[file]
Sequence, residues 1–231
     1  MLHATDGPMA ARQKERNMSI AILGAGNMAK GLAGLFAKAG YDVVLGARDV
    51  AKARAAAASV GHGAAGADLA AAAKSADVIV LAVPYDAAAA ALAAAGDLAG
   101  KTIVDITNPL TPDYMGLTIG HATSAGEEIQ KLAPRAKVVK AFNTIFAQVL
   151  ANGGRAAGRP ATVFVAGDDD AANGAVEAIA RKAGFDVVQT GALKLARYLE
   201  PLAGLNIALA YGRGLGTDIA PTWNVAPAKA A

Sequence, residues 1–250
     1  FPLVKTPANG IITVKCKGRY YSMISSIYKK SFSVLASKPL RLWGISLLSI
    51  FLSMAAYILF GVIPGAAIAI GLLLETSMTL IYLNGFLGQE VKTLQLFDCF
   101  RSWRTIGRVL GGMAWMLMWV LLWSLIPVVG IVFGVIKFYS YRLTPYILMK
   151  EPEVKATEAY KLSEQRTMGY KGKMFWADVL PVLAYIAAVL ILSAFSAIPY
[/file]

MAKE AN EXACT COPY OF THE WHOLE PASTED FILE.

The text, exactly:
Sequence, residues 1–231
     1  MLHATDGPMA ARQKERNMSI AILGAGNMAK GLAGLFAKAG YDVVLGARDV
    51  AKARAAAASV GHGAAGADLA AAAKSADVIV LAVPYDAAAA ALAAAGDLAG
   101  KTIVDITNPL TPDYMGLTIG HATSAGEEIQ KLAPRAKVVK AFNTIFAQVL
   151  ANGGRAAGRP ATVFVAGDDD AANGAVEAIA RKAGFDVVQT GALKLARYLE
   201  PLAGLNIALA YGRGLGTDIA PTWNVAPAKA A

Sequence, residues 1–250
     1  FPLVKTPANG IITVKCKGRY YSMISSIYKK SFSVLASKPL RLWGISLLSI
    51  FLSMAAYILF GVIPGAAIAI GLLLETSMTL IYLNGFLGQE VKTLQLFDCF
   101  RSWRTIGRVL GGMAWMLMWV LLWSLIPVVG IVFGVIKFYS YRLTPYILMK
   151  EPEVKATEAY KLSEQRTMGY KGKMFWADVL PVLAYIAAVL ILSAFSAIPY